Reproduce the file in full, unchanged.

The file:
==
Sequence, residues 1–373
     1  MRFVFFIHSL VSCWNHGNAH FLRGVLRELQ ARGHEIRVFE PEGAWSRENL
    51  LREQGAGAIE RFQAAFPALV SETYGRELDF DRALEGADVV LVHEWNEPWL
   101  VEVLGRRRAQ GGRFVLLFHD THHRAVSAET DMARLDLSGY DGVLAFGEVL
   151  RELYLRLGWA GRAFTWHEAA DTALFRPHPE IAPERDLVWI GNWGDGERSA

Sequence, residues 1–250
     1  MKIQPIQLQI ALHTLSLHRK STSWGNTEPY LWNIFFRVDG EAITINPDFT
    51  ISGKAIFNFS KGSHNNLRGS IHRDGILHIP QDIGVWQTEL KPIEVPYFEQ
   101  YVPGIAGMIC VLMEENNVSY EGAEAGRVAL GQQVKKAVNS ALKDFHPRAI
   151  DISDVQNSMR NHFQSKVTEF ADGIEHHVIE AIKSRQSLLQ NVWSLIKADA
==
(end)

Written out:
Sequence, residues 1–373
     1  MRFVFFIHSL VSCWNHGNAH FLRGVLRELQ ARGHEIRVFE PEGAWSRENL
    51  LREQGAGAIE RFQAAFPALV SETYGRELDF DRALEGADVV LVHEWNEPWL
   101  VEVLGRRRAQ GGRFVLLFHD THHRAVSAET DMARLDLSGY DGVLAFGEVL
   151  RELYLRLGWA GRAFTWHEAA DTALFRPHPE IAPERDLVWI GNWGDGERSA

Sequence, residues 1–250
     1  MKIQPIQLQI ALHTLSLHRK STSWGNTEPY LWNIFFRVDG EAITINPDFT
    51  ISGKAIFNFS KGSHNNLRGS IHRDGILHIP QDIGVWQTEL KPIEVPYFEQ
   101  YVPGIAGMIC VLMEENNVSY EGAEAGRVAL GQQVKKAVNS ALKDFHPRAI
   151  DISDVQNSMR NHFQSKVTEF ADGIEHHVIE AIKSRQSLLQ NVWSLIKADA